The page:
Demand for new cars fell by 4.1 per cent last month in what was the weakest July market since 2012, the automotive industry said.
Some 157,000 new cars were registered last month compared with 164,000 during July 2018, the Society of Motor Manufacturers and Traders (SMMT) said.
This was the fifth consecutive month of decline.
The SMMT said consumer and business confidence continues to be affected by confusion over Government policy towards different fuel types, as well as political and economic uncertainty.
Private and fleet registrations fell by 2 per cent and 4.7 per cent respectively last month, while business sales were down 22.5 per cent.
Sales of diesel models dropped by 22.1 per cent but demand for new petrol cars was up 2.6 per cent.
The market for battery electric cars increased by 158.1 per cent, while registrations for hybrid cars that cannot be plugged in grew 34.2 per cent.
But the plug-in hybrid sector fell by 49.6 per cent.
Government grants for new low-emission cars were slashed in October last year, meaning hybrid models are no longer eligible for the scheme.
Motoring groups have warned that the decision will leave the UK struggling to meet targets to reduce vehicle emissions.
SMMT chief executive Mike Hawes said: “Despite yet another month of decline in the new car market, it’s encouraging to see substantial growth in zero-emission vehicles.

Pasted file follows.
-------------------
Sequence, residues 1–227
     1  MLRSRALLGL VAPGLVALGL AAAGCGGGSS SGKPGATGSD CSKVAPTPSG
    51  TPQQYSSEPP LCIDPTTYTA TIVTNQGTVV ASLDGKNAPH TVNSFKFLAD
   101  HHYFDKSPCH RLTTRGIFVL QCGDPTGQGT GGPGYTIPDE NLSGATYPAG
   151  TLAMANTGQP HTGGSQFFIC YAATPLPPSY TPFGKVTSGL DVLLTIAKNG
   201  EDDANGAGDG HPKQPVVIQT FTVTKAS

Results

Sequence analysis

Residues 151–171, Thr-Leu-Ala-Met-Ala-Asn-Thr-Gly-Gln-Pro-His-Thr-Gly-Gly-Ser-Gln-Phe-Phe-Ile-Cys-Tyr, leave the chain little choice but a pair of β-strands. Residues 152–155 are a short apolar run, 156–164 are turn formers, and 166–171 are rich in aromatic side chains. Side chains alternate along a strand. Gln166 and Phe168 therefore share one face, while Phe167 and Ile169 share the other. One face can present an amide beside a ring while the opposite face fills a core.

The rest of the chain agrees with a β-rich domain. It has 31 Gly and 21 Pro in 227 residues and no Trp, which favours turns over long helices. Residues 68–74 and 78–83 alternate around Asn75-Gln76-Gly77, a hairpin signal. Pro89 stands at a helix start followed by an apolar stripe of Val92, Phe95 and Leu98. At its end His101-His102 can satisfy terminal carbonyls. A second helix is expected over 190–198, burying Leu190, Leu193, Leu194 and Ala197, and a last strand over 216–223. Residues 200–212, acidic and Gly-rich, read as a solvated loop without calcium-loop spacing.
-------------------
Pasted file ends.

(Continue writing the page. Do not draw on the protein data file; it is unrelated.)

“Thanks to manufacturers’ investment in these new technologies over many years, these cars are coming to market in greater numbers than ever before.
“If the UK is to meet its environmental ambitions, however, Government must create the right conditions to drive uptake, including long-term incentives and investment in infrastructure.
“The fastest way to address air quality concerns is through fleet renewal so buyers need to be given the confidence to invest in the new, cleaner vehicles that best suit their driving needs, regardless of how they are powered.”
Ian Gilmartin, industry director at Barclays Corporate Banking, said the automotive industry is “doing everything it can to try to stimulate demand” through financing deals and the range of new cars available.
He added: “It’s all about the external environment at the moment, with no-deal Brexit fears growing and renewed currency weakness putting more pressure on supply chains and margins.”